Thanks to months of practice and a little bit of luck, I recently became a national champion. Sadly, however, the physique of a champion egg thrower is no match for the body of a mainstream national champion.

So it’s time to get my ass in gear. Literally.

Actually, I won’t be able to do that until July 18th, when I’ll be competing in a pack burro race in Idaho Springs, Colorado. I’ll be running for miles on a rugged course alongside a donkey weighed down with 30 pounds of mining equipment.

I realize this may sound crazy, but pack burro racing is a serious sport commemorating Colorado’s 19th-century miners. These prospectors used burros to carry their mining tools and supplies through the Rocky Mountains in search of precious metals. According to legend, two miners once found gold in the same location and raced back to town in order to stake a claim to the discovery. Due to the heavy loads the donkeys carried (aka, assloads), the miners couldn’t ride their donkeys. Instead, they had to walk and run beside their burros, which explains why riding your donkey is strictly prohibited in this sport.

Today, the Western Pack Burro Ass-ociation (WPBA) celebrates “60 years of hauling ass” by sponsoring six races, including the World Championship Pack Burro Race, a 29-miler that kicks off the triple crown of burro racing. Lucky for me, the weekend that Carie and I will happen to be in town, there’s a tamer, 5-mile event targeted at novice burro racers like me.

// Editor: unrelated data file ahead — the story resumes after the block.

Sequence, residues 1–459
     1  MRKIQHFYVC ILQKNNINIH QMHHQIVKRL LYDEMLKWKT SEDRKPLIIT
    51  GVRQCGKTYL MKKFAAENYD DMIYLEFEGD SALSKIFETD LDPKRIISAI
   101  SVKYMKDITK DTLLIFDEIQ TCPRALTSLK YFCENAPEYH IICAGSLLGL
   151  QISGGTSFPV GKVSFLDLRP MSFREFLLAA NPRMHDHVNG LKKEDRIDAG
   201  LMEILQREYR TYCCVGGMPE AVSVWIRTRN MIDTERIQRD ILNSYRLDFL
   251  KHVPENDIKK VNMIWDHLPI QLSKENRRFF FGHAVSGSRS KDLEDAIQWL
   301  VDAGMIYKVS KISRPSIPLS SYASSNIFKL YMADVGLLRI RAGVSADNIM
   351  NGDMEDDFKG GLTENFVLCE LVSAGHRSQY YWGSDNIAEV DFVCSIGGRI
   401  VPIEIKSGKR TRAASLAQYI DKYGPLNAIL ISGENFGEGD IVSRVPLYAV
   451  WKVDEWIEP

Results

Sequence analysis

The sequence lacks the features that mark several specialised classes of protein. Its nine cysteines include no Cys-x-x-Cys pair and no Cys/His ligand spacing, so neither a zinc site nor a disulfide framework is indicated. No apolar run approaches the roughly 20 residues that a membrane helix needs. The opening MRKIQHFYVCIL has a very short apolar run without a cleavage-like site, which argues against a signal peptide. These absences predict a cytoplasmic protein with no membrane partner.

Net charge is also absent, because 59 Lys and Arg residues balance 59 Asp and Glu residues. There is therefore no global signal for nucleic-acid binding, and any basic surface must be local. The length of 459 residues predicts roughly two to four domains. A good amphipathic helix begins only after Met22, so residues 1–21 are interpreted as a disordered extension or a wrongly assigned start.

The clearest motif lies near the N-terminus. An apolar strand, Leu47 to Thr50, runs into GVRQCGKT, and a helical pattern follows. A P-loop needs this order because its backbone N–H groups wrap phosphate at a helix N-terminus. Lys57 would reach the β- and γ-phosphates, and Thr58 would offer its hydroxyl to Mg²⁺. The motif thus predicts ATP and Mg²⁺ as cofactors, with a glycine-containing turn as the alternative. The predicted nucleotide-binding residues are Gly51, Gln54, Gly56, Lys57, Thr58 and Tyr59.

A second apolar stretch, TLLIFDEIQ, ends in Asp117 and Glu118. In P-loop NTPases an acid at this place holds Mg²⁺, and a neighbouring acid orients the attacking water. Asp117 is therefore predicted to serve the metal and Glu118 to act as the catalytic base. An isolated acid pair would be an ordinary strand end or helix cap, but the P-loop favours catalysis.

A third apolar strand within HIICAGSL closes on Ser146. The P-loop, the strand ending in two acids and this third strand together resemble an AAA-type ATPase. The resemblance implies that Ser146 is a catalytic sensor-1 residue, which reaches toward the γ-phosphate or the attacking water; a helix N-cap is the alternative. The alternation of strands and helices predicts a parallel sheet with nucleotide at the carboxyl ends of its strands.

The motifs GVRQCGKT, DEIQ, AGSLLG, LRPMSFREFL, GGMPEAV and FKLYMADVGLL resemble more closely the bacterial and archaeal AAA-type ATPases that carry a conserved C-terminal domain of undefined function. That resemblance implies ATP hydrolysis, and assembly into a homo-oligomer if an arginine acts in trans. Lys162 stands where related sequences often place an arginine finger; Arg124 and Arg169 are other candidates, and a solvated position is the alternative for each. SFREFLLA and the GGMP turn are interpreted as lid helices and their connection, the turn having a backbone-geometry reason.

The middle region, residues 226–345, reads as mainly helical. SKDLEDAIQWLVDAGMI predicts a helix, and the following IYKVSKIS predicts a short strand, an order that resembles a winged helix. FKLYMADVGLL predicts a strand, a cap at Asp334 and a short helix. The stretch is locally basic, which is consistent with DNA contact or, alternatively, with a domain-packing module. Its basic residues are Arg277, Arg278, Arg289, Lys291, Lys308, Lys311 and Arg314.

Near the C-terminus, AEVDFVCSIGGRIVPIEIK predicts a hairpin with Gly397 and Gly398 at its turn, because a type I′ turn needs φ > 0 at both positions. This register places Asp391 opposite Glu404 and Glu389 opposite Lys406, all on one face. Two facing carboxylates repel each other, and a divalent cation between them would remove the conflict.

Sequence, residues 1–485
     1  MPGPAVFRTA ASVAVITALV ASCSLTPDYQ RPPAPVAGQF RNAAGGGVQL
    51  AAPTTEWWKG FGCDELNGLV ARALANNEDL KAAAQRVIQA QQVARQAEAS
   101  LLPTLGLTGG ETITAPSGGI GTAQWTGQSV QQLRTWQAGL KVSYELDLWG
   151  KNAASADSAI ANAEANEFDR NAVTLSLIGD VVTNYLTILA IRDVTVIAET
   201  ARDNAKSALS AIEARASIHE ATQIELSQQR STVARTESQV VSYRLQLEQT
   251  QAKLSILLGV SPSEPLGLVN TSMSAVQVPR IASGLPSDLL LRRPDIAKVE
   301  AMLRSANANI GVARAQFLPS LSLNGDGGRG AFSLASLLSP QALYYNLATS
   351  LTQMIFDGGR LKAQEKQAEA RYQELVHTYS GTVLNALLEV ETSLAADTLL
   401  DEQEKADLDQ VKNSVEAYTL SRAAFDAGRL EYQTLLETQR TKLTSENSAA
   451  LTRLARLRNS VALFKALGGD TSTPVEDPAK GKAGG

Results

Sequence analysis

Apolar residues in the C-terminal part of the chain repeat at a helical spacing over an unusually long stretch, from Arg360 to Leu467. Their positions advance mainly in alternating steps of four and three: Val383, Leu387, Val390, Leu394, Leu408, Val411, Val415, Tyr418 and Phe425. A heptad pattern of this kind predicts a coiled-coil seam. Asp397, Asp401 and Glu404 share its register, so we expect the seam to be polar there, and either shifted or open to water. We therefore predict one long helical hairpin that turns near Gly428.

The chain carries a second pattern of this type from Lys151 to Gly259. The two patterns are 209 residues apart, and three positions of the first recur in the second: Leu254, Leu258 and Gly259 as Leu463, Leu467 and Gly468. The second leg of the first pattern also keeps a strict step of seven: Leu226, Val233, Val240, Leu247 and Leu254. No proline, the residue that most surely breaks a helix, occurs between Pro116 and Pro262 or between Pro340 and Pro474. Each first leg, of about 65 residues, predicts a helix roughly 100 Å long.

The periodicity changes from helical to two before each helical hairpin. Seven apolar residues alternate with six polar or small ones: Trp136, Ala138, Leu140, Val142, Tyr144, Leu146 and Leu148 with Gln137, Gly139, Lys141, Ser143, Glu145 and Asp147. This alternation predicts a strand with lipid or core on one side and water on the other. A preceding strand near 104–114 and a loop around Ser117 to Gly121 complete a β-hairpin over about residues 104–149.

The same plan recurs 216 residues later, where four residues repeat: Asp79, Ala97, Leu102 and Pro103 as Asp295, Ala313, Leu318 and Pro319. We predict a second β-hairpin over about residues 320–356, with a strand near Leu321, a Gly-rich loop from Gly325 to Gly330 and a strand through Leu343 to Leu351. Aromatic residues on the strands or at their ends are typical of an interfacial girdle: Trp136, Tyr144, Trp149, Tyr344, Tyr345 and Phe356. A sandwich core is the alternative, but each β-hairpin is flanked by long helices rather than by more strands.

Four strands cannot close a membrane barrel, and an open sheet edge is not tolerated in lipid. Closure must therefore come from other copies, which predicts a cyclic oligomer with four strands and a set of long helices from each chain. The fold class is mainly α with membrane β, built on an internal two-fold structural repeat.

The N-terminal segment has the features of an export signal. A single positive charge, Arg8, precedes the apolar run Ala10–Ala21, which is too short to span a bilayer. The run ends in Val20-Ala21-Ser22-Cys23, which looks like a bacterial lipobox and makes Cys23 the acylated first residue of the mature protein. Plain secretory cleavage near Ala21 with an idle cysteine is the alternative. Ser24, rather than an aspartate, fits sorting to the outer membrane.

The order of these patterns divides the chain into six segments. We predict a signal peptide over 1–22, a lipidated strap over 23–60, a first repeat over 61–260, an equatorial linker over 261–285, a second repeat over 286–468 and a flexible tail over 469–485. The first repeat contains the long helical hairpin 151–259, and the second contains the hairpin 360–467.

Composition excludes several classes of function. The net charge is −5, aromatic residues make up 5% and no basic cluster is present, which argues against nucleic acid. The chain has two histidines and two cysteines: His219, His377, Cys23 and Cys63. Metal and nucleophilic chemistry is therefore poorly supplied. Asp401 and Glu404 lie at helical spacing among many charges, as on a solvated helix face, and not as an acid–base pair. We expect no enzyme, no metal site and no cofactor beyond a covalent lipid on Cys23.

Believe it or not, long before I had ever heard of burro racing, we were already planning a trip to Colorado. Carie works for a non-profit organization headquartered in Boulder, where she had previously scheduled some meetings. Lured by fresh mountain air, a few nights of backpacking, and the chance to check out Colorado’s first microbrewery, I jumped at the chance to tag along and make a long weekend out of her business trip. The race actually fell into my lap when one of Carie’s colleagues, Catherine (aka, Pumpkin) found the WPBA’s website.

While I’m somewhat nervous about running five miles with a donkey (I’ve never been the biggest fan of hoof stock), it’s about time for another physically demanding challenge. I’ve been training hard for the past two months, but that training has required little exercise. Hollerin’, obviously, required none. Egg tossing wasn’t much better.

A long ass race is just what I need.